Last month, the U.S. District Court in the Northern District of California ruled that the Federal Circuit’s somewhat bare pleading standard for direct patent infringement is no longer sufficient following recent amendments to the Federal Rules of Civil Procedure, which went into effect on December 1, 2015. The court ruled that the plausibility pleading standard under Bell Atlantic Corp. v. Twombly and Ascroft v. Iqbal now applies to direct patent infringement claims.
The U.S. District Court for the Western District of Washington held, in Recognicorp, LLC v. Nintendo Co. Ltd., et al, that claims to certain methods and systems for encoding/decoding image data are not patent-eligible under 35 U.S.C. § 101. Recognicorp is an illustrative example of the use of preliminary motion practice to dispose of patent cases on the pleadings and of how software-based inventions that are premised on seemingly simple algorithms are particularly susceptible to early dismissal.
Last week, the United States Court of Appeals for the Sixth Circuit issued a decision in the case of Cyber Solutions International LLC v. Pro Marketing Sales, Inc. Although the decision blazes no new legal territory, the facts of the case and rulings offer important lessons for both lenders and licensees.
The decision recounts the start up efforts of an emerging company focused on cybersecurity technology. As the company grew, it obtained a secured loan from a lender. In return for the loan, the company granted the lender a first position lien on all company assets including intellectual property. As is typical in any secured financing, the lien extended not just to property then owned by the company but also to property subsequently acquired by the company. Pursuant to the loan arrangement, the company agreed to standard provisions such as a restriction on its ability to sell its assets outside of the ordinary course of business without the permission of the lender.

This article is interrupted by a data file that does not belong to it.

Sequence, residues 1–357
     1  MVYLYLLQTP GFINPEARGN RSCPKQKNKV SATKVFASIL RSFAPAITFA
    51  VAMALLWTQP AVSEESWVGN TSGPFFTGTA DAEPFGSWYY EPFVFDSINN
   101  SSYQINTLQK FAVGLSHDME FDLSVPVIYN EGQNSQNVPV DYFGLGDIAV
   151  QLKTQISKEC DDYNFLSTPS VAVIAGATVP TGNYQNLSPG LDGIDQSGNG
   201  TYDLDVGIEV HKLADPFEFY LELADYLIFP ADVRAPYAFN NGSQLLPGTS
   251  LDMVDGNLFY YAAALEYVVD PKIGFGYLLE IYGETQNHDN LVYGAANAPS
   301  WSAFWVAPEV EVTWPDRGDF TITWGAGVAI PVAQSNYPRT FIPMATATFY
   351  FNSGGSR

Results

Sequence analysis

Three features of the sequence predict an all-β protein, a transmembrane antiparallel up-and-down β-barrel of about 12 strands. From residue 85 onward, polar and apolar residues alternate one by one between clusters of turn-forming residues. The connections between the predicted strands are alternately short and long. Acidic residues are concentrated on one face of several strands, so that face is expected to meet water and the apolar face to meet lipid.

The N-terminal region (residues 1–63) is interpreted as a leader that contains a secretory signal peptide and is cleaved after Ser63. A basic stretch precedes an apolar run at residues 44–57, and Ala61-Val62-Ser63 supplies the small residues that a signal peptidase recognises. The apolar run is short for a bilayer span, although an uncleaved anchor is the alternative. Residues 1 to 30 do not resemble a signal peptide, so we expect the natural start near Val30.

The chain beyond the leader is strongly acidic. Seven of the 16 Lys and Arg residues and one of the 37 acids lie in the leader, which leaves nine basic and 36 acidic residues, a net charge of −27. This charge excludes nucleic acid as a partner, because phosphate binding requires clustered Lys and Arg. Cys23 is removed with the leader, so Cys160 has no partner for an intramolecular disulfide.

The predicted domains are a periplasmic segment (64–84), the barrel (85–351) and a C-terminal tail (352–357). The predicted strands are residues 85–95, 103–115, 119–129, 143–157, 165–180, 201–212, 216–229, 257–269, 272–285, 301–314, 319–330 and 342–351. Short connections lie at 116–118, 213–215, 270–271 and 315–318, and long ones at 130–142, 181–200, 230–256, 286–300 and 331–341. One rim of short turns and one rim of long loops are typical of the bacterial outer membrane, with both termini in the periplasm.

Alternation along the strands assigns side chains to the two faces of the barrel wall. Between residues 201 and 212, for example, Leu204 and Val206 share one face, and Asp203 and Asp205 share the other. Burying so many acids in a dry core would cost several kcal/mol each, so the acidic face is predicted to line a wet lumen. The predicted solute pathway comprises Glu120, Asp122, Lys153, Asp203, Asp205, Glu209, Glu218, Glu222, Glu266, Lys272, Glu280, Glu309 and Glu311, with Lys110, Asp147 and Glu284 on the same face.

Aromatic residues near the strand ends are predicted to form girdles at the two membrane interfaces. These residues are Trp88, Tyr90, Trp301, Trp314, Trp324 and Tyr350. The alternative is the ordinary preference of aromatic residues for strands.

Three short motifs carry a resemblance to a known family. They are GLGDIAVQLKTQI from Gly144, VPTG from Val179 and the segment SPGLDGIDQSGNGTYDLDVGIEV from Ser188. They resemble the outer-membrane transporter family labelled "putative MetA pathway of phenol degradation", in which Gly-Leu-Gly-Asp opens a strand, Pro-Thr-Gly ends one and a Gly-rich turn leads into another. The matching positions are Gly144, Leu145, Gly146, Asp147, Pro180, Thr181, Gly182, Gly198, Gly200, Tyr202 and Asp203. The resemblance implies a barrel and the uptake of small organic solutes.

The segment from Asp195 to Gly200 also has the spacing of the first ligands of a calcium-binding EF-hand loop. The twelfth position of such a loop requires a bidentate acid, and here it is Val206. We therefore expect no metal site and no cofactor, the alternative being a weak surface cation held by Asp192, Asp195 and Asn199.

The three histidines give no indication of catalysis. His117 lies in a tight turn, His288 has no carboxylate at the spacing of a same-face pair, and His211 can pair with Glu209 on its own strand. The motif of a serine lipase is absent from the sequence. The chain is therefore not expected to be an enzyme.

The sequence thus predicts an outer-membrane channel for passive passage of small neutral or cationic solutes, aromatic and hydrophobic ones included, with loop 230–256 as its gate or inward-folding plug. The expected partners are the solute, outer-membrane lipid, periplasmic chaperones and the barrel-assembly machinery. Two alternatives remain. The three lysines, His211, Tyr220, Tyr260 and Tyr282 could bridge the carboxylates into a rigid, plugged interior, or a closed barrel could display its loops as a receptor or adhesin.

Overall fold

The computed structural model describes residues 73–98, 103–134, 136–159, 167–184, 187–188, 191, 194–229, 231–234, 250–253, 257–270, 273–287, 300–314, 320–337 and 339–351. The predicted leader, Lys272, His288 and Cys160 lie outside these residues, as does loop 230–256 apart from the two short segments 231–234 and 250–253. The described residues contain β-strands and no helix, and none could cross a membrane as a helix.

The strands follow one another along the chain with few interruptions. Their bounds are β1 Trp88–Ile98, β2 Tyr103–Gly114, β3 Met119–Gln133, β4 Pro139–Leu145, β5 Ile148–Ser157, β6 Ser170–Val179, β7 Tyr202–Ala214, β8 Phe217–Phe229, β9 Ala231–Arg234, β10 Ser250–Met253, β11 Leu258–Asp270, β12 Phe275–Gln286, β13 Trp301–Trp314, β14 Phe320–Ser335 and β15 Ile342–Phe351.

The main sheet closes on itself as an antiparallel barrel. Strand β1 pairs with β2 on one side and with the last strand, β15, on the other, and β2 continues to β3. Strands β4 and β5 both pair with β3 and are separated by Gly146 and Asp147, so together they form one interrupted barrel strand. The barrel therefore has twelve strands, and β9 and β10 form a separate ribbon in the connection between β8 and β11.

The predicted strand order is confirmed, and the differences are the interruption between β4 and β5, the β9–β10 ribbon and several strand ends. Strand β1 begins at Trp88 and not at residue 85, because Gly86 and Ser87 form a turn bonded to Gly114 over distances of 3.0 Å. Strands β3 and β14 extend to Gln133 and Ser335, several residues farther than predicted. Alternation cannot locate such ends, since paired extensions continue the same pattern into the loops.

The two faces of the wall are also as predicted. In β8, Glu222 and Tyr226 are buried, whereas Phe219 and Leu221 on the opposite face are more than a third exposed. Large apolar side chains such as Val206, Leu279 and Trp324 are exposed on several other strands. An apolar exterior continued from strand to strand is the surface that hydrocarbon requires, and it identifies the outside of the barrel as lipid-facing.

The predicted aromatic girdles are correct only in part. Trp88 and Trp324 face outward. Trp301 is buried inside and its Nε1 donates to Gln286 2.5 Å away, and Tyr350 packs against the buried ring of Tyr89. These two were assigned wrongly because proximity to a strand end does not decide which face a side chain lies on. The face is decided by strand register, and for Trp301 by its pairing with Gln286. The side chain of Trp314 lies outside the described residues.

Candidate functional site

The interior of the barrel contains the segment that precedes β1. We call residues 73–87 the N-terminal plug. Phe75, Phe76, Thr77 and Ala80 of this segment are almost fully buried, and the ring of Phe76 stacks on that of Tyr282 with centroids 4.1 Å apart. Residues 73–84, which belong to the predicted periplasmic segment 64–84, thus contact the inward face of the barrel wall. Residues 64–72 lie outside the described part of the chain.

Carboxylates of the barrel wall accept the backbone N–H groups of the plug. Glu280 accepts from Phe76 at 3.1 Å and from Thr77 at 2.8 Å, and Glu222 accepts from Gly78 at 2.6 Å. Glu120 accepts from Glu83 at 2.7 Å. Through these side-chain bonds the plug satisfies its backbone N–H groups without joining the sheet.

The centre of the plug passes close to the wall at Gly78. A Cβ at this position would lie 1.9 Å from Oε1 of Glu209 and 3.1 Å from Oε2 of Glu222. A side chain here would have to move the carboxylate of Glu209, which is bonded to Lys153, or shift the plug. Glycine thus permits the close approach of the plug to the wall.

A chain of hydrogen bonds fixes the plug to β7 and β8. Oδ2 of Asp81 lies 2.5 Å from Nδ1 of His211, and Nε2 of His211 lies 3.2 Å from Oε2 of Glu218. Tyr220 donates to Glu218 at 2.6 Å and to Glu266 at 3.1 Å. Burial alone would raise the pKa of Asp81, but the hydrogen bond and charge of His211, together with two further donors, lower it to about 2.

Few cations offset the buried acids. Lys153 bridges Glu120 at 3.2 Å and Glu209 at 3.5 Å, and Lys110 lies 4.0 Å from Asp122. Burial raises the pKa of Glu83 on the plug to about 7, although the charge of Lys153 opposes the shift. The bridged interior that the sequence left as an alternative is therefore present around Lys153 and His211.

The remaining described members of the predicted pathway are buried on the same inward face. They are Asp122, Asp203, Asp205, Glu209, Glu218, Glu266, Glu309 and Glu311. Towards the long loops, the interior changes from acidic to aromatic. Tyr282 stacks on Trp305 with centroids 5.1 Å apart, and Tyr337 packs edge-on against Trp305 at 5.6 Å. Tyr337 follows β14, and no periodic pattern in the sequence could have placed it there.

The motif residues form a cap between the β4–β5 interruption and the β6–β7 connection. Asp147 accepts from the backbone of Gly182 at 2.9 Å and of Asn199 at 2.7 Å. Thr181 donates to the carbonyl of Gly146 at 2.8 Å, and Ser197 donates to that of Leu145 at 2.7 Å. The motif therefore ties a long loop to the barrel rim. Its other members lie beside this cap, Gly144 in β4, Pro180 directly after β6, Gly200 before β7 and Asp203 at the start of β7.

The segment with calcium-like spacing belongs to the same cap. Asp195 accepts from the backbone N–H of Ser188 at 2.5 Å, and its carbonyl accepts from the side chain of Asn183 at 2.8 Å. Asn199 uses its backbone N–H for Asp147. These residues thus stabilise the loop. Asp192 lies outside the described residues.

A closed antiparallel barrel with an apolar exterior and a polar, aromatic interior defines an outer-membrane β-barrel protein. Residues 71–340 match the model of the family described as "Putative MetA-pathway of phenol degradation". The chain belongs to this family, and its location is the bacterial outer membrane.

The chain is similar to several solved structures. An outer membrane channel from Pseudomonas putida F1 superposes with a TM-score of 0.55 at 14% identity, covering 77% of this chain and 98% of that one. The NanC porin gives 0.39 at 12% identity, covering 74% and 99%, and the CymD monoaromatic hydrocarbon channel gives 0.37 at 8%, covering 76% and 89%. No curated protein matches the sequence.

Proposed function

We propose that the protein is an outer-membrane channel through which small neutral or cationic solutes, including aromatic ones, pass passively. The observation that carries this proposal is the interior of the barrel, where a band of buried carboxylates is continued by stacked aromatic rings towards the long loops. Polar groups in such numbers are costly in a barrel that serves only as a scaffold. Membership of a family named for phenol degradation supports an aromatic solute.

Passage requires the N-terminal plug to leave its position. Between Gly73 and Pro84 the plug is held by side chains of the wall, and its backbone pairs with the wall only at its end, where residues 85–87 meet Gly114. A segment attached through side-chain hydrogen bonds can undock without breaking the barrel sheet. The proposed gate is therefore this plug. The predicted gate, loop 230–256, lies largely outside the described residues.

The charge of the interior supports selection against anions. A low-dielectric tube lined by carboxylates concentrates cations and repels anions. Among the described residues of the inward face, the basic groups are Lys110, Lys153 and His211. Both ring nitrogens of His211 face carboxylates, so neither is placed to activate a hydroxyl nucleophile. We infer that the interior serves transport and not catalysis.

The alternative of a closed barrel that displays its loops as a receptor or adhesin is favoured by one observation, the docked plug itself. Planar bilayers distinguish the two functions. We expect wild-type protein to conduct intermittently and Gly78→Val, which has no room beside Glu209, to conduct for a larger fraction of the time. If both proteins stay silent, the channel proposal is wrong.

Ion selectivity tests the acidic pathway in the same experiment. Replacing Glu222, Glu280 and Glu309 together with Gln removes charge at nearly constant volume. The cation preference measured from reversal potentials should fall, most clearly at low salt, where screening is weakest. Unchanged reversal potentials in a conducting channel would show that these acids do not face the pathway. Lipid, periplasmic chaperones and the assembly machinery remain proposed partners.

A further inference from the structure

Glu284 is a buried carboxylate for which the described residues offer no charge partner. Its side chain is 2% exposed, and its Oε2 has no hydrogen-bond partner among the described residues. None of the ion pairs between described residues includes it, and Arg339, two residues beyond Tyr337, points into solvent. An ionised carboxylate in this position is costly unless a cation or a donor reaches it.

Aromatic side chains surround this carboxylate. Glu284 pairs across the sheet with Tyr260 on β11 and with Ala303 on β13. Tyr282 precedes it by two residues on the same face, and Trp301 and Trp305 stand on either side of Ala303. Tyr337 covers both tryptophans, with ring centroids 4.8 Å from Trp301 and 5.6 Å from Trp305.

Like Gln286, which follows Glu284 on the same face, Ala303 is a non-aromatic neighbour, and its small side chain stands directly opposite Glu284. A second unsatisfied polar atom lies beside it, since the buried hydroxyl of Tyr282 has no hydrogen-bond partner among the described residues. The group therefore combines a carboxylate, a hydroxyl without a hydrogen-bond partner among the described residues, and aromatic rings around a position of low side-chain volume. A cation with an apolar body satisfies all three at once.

The blog post discusses how legal provisions, such as a simple confidentiality agreement, a consulting agreement or a multi-billion dollar license, are often a source of misunderstanding, confusion and frustration.
On December 22nd the Court of Appeals for the Federal Circuit issued its sua sponte en banc In re Tam decision regarding the constitutionality of the “disparaging” marks bar under Section 2(a) of the Lanham Act. A Federal Circuit panel previously upheld a Trademark Trial and Appeal Board (the TTAB) decision affirming the refusal under the disparaging marks provision of Section 2(a) of a trademark application for the mark "THE SLANTS." Would a “substantial composite” of Asians find the phrase THE SLANTS disparaging? The answer was “yes”, as detailed in our earlier blog posting on this case. Judge Moore, writing for the Federal Circuit panel in initially affirming the appeal decision, however, raised the question as to whether the court should consider the constitutionality issues about the registration standard raised by Mr. Tam on an en banc basis. Her peers agreed to do so.
Maximizing the protection and value of intellectual property assets is often the cornerstone of a business's success and even survival. In this blog, Nutter's Intellectual Property attorneys provide news updates and practical tips in patent portfolio development, IP litigation, trademarks, copyrights, trade secrets and licensing.